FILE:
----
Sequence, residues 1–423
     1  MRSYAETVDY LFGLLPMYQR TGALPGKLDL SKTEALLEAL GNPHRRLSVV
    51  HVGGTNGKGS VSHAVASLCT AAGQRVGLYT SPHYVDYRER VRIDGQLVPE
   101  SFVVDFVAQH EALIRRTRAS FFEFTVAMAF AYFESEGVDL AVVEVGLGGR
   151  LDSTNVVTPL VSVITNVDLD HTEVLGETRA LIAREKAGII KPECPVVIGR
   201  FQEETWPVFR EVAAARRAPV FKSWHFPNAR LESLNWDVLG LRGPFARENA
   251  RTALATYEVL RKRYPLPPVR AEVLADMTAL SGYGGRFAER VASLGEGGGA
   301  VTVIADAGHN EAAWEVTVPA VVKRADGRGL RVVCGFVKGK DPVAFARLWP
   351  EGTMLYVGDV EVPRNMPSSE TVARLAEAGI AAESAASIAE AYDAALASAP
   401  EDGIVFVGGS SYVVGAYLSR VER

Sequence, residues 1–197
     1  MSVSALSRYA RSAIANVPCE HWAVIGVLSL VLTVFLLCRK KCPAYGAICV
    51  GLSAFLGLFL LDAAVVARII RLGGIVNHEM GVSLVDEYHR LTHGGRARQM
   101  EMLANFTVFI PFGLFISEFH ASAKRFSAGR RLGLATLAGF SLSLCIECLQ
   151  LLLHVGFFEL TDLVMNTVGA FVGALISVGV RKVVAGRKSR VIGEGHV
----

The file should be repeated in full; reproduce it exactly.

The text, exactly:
Sequence, residues 1–423
     1  MRSYAETVDY LFGLLPMYQR TGALPGKLDL SKTEALLEAL GNPHRRLSVV
    51  HVGGTNGKGS VSHAVASLCT AAGQRVGLYT SPHYVDYRER VRIDGQLVPE
   101  SFVVDFVAQH EALIRRTRAS FFEFTVAMAF AYFESEGVDL AVVEVGLGGR
   151  LDSTNVVTPL VSVITNVDLD HTEVLGETRA LIAREKAGII KPECPVVIGR
   201  FQEETWPVFR EVAAARRAPV FKSWHFPNAR LESLNWDVLG LRGPFARENA
   251  RTALATYEVL RKRYPLPPVR AEVLADMTAL SGYGGRFAER VASLGEGGGA
   301  VTVIADAGHN EAAWEVTVPA VVKRADGRGL RVVCGFVKGK DPVAFARLWP
   351  EGTMLYVGDV EVPRNMPSSE TVARLAEAGI AAESAASIAE AYDAALASAP
   401  EDGIVFVGGS SYVVGAYLSR VER

Sequence, residues 1–197
     1  MSVSALSRYA RSAIANVPCE HWAVIGVLSL VLTVFLLCRK KCPAYGAICV
    51  GLSAFLGLFL LDAAVVARII RLGGIVNHEM GVSLVDEYHR LTHGGRARQM
   101  EMLANFTVFI PFGLFISEFH ASAKRFSAGR RLGLATLAGF SLSLCIECLQ
   151  LLLHVGFFEL TDLVMNTVGA FVGALISVGV RKVVAGRKSR VIGEGHV